At our writers festival people in the audience were disgruntled that this woman would be telling us that there are some stories we cannot tell. I completely get that disgruntlement. I have long held the idea that freedom of expression means that I can write about whatever the hell I want and deal with the consequences, and fuck anyone who tells me what is and isn’t appropriate for me to do. But I’ve been coming around to see how privileged a point of view that is, and how voices from the dominant culture telling those stories crowds out the voices telling it from the inside. You really don’t want people to be learning their American history from Django Unchained.
The thing is that I really like Scalped. I love the small-scale politics and the way people with scraps of power interact with the immovable force of the US government, and how Dashiell Bad Horse is tearing himself apart to do this job between two worlds. It’s a great story. Just one that makes me feel guilty for liking it, because I haven’t sought out neo-noir stories written by first nations people themselves. Scalped is easy because it’s published by DC Comics, and I haven’t gone beyond that easy corporate mass-media approach.
Anyway, if you like crime stories, and all of my hand-wringing hasn’t put you off, Scalped is definitely worth your time.
Dial H: Into You is the first trade paperback I own from DC’s New 52 initiative (though not the first I read). The New 52 was DC’s superhero universe reboot that happened in 2011 in an effort to get new readers. I’m not a huge fan of being reminded how crassly commercial the literature I consume can be, so I haven’t been reading a lot of mainstream superhero stuff recently.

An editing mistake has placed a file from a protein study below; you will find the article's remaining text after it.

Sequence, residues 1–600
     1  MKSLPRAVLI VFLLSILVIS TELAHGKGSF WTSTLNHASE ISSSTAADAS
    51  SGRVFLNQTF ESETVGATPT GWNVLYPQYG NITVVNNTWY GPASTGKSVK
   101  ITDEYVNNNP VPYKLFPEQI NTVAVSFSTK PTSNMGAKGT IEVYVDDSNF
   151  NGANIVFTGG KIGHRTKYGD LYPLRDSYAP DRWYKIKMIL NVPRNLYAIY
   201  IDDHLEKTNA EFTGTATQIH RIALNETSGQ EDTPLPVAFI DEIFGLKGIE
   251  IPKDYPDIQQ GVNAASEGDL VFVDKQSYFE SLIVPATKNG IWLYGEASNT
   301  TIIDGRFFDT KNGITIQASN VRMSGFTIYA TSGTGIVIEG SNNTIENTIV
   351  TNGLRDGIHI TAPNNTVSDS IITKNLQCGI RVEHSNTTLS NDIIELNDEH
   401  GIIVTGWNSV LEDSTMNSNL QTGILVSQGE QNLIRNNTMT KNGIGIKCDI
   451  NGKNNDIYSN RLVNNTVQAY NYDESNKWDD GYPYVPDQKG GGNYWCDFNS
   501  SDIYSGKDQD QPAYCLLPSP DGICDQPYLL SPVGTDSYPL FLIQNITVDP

Dial H is not a normal superhero book.
I mean, sure there are cosmic problems which are solved by punching, but China Miéville is writing this book so those problems get weird. Plus the superhero at the centre of it is a Colorado schlub named Nelson Jent who, when he dials H-E-R-O on a payphone, taps into some other universe to become a random superhero for a while. Random superheroes like Boy Chimney (powers of smoke-control and telepathy through pollution), the Iron Snail (heavily armed and power-armoured snail shell and tracks dragged by a ‘roided-out soldier-type), and the Cock-a-Hoop (a giant metal hula-hoop with the head of a rooster).
I like how the book makes a ridiculous concept into a kind of exploration of the universes of weirdness and how they’d intersect with DC’s own universe of “normal weirdness” (with its aliens, magic, unnatural disasters and high-technology). The main story is about learning how to deal with the powers of the dial (which does get disconnected from the payphone) and coming to terms with weirdness. I also really like that his superheroing partner is in actuality a woman in her 60s.